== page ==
Yuan Cheng1, *, Mohamed Keita2, Xiaobei Si1
1Department of Gastroenterology, Beijing Jishuitan Hospital - 2Department of Internal Medicine, Sino Guinean Friendship Hospital
Introduction: To review the endoscopic detection rates of esophageal diseases in Conakry, Guinea, with a view to guiding clinical work.
Materials and methods: Gastroscopy data from the Sino-Guinean Friendship Hospital in Conakry, Guinea, from January 2019 to January 2020 were used to calculate the detection rates of various esophageal diseases and to analyze their correlation with sex, age, ethnicity and occupation.
Results: A total of 17 different esophageal diseases were detected in 115 patients who underwent gastroscopy, with the highest detection rate being reflux esophagitis and the lowest being esophageal papilloma. Reflux esophagitis, esophageal varices, esophageal carcinoma, esophageal polyps, and esophageal papilloma were more prevalent in males, and the difference was statistically significant (P<0.05), whereas the difference in the distribution of benign esophageal stenosis and BE esophagus was not statistically significant; reflux esophagitis, esophageal varices, esophageal carcinoma, and BE esophagus were more prevalent in the Malinke tribe, and the difference was statistically significant (P<0.05), whereas the difference in the distribution of benign esophageal stenosis and BE esophagus was not statistically significant. The distribution of polyps, benign esophageal stenosis, and esophageal papillomas was not statistically significant in each ethnic group; the detection rates of reflux esophagitis, esophageal varices, esophageal cancer, esophageal stenosis, esophageal papillomas, and BE esophagus increased with age, and the difference was statistically significant (P<0.05); esophageal polyps did not differ significantly in each age group; reflux esophagitis and esophageal varices occurred more frequently in residents. (P<0.05), esophageal cancer, esophageal polyps, and benign esophageal stenosis were more prevalent among farmers, with statistically significant differences (P<0.05), whereas the distribution of esophageal papilloma and BE esophagus among occupations was not statistically significant (P>0.05).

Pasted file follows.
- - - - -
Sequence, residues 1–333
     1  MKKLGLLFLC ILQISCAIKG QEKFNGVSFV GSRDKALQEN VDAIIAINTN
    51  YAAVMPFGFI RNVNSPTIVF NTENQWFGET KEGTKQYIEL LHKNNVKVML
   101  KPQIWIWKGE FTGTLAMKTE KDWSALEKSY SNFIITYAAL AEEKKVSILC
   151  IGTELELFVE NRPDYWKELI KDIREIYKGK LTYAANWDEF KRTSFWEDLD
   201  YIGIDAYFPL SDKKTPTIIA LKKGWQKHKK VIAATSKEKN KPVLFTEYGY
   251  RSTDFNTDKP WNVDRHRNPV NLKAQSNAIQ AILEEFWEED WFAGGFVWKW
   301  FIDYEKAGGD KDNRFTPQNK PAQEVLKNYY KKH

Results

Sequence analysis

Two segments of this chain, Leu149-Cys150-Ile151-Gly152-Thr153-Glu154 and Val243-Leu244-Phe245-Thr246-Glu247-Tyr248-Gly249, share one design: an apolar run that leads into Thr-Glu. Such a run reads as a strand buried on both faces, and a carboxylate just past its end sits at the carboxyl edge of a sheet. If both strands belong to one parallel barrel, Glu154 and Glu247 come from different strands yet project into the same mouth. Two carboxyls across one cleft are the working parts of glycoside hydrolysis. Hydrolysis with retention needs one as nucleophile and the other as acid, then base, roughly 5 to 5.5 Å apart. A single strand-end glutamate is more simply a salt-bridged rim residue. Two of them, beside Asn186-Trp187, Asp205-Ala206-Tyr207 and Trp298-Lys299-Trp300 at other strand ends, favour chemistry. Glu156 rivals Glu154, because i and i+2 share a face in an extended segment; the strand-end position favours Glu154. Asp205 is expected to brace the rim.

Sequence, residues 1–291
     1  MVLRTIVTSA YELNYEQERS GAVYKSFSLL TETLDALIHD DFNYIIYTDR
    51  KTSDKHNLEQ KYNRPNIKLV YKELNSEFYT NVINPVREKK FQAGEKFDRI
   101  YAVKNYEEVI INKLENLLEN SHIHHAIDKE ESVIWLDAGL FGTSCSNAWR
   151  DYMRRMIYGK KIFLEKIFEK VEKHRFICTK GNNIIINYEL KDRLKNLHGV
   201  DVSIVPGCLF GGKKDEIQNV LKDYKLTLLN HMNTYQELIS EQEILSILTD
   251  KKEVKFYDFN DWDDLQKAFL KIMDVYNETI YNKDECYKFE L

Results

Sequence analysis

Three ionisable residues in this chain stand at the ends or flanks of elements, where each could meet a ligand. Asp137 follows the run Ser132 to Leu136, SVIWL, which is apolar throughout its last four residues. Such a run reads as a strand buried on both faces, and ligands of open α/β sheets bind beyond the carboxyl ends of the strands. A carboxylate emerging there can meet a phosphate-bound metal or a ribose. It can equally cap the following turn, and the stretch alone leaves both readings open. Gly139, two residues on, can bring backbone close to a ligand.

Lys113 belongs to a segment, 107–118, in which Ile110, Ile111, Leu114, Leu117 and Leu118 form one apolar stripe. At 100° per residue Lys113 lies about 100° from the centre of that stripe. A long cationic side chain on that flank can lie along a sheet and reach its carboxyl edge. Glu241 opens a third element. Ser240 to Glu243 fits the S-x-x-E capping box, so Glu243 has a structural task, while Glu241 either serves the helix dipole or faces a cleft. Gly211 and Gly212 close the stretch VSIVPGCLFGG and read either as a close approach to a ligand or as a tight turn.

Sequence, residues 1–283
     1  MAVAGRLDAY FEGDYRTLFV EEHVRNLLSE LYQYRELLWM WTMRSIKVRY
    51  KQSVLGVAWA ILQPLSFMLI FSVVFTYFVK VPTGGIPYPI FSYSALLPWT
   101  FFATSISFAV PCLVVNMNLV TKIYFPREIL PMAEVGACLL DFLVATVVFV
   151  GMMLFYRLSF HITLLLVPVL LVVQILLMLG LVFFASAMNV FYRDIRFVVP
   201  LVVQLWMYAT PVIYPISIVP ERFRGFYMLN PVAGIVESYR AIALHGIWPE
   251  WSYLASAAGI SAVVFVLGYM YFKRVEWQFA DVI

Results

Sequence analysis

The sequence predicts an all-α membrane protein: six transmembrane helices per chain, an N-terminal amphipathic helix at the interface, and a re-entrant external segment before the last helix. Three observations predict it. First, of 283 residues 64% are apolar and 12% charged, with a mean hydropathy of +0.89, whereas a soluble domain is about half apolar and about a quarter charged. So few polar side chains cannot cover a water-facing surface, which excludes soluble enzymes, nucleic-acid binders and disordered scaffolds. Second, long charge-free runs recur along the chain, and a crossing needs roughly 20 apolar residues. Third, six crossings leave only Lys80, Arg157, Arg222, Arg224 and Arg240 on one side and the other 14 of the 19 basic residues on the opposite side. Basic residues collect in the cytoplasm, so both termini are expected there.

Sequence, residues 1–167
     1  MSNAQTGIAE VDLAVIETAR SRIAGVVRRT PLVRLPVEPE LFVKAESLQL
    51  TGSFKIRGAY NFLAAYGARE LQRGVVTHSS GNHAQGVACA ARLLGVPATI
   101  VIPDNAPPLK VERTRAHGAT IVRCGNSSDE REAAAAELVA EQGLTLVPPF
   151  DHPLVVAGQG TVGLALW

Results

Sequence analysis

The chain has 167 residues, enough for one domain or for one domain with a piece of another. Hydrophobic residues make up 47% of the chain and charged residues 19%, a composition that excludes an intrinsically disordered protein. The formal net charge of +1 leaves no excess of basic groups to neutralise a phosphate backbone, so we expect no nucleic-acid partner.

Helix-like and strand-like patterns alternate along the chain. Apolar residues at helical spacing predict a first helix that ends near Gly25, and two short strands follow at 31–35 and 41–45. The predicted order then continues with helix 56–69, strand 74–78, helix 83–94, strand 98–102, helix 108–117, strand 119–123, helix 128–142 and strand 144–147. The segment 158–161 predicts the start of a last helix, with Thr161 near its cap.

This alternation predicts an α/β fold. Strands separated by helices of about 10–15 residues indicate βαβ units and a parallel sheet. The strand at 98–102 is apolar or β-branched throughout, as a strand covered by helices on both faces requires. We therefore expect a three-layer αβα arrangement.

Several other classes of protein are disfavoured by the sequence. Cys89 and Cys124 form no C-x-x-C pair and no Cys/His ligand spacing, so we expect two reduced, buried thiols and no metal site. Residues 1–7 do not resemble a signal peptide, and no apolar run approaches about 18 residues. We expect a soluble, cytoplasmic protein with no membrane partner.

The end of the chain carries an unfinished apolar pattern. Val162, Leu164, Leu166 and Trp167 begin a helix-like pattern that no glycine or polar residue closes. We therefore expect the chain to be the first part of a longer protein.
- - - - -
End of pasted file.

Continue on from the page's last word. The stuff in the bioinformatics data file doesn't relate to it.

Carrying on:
Conclusion: Marinke men and farmers are prone to major esophageal diseases such as reflux esophagitis, esophageal varices, and esophageal carcinoma, which require increased awareness of self-care and the need for better chronic disease management in farming areas.
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